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Water Valley – Jackson,Tennessee Share Common Thread Of History

The Casey Jones Museum at Jackson, Tennessee, completed a major expansion recently which includes a new 8000 square foot museum building (right). A replica of the engine Casey wrecked at Vaughan is on display outside. – Photos by Jack Gurner

Among the displays are several which include references and photos to the Water Valley part of the Casey Jones story.

One of several large display areas in the new museum building.

Norma Taylor, Historian for the Casey Jones Museum in Jackson, wrote “Casey Jones, The Legend Lives On.” The book also contains information about the Water Valley portion of the story.

By Jack Gurner

JACKSON, TENN. – If there were ever two towns linked by a common thread of history, they are Water Valley and Jackson, Tenn.

For more than a century, as many as eight trains a day ran the 119 miles between the two important points on the Illinois Central Railroad. When the Mississippi Division headquarters was moved from Water Valley, it went to Jackson.

But, perhaps the most intriguing connection between the two cities is the story of John Luther “Casey” Jones, the most famous railroader in American history.

Jones lived most of his life in Jackson, but spent a few years in Water Valley. He worked from Water Valley to Canton during the early part of his career before getting enough seniority to hold a job between Water Valley and Jackson.

From 1888 until the wreck in 1900, Jones was a Water Valley district engineer.

Both towns celebrate the Casey Jones story with museums named in his honor that draw visitors from all over the world.

Last year, the museum in Jackson completed a major expansion thanks to a federal grant through the Tennessee Department of Transportation.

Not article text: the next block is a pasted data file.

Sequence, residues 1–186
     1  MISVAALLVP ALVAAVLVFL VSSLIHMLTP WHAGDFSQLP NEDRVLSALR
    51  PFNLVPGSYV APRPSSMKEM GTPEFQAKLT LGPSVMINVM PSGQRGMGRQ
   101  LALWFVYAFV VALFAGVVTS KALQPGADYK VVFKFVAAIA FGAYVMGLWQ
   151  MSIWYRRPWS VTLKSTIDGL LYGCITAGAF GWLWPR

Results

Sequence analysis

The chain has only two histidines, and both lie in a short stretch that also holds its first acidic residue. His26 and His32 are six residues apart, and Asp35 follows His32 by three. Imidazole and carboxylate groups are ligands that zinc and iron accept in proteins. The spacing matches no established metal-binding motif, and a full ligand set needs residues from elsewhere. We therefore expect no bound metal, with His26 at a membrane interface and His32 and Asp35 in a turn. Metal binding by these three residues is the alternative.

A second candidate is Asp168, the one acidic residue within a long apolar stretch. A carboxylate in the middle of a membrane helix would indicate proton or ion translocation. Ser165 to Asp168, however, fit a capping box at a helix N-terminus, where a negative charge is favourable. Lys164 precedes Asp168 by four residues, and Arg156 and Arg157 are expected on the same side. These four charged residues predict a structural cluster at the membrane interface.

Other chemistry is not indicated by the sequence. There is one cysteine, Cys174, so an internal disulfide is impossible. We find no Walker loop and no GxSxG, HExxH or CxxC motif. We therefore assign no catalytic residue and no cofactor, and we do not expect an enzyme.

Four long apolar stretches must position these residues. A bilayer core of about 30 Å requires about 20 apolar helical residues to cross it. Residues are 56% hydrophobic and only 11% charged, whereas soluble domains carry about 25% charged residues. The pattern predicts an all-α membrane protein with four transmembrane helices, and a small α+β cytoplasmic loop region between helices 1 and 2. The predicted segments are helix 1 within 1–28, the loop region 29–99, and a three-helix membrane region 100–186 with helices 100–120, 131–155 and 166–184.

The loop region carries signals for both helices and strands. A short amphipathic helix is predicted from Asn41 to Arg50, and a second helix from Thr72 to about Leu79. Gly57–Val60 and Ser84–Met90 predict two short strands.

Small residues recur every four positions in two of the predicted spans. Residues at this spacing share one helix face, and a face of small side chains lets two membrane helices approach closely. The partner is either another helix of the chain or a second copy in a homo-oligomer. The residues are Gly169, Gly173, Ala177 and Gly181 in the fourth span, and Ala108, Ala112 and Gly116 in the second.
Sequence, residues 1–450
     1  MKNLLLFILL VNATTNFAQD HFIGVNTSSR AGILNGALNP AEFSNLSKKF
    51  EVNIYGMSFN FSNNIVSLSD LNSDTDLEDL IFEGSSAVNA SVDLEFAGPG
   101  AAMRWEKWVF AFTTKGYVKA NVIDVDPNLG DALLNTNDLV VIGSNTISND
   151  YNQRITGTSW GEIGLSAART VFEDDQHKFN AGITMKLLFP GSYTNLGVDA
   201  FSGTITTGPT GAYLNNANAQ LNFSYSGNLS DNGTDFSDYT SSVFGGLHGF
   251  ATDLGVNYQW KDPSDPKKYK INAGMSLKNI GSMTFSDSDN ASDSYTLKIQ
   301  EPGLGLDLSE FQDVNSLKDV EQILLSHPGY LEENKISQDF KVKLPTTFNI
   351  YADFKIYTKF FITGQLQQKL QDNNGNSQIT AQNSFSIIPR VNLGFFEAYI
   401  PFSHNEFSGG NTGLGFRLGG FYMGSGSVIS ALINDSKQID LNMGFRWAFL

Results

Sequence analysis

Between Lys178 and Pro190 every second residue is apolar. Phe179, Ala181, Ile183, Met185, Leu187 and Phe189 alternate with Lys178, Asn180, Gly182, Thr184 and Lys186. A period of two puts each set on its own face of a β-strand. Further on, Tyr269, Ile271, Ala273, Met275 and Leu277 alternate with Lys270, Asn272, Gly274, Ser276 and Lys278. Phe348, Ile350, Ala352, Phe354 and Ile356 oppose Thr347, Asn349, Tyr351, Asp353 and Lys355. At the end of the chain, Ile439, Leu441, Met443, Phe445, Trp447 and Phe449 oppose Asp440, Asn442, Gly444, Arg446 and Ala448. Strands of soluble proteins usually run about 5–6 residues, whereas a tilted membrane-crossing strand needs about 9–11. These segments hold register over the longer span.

“We had a gift shop, one bathroom, and a small video room that only seated maybe 15 people,” said Lawrence Taylor, director of the Jackson museum. “When we got the grant we went from 1200 square feet to 8000 square feet. The gift shop alone is twice as big as the whole building was.”

The new museum has exhibits that feature Water Valley. “The story started with Casey Jones on the Water Valley run,” Taylor said.

Norma Taylor, the museum’s historian and wife of Lawrence Taylor, has written a book on Jones that also includes information about Water Valley. The book, titled “The Legend Lives On,” is available at both the Jackson and Water Valley museums and by mail order.

Lawrence Taylor added that one of Norma’s favorite photos is of the watermelons being loaded in Water Valley. He, on the other hand, is a fan of the refrigerator or “refer” car on display in Water Valley that was once used to haul bananas from the coast to points north.

“I love the fact that Water Valley has the banana car,” he said. “Your museum will be featured again when we tell the story of the bananas.”

For information about the Jackson museum, visit or call (731) 668-1222.  It is located on the highway 45 by-pass at I-40 exit 80A.


View the video on YouTube.

Norma Taylor’s book “The Legend Lives On” is available locally at the Water Valley Casey Jones Museum.

It can be purchased by mail directly from Norma and she will autograph it for you. All you have to do is indicate who you want her to sign it to.

To purchase, send $10 (make checks or money orders payable to Norma Taylor) to cover the book and shipping to:

         Norma Taylor

         15 Keswick Cove
         Jackson, TN  38305

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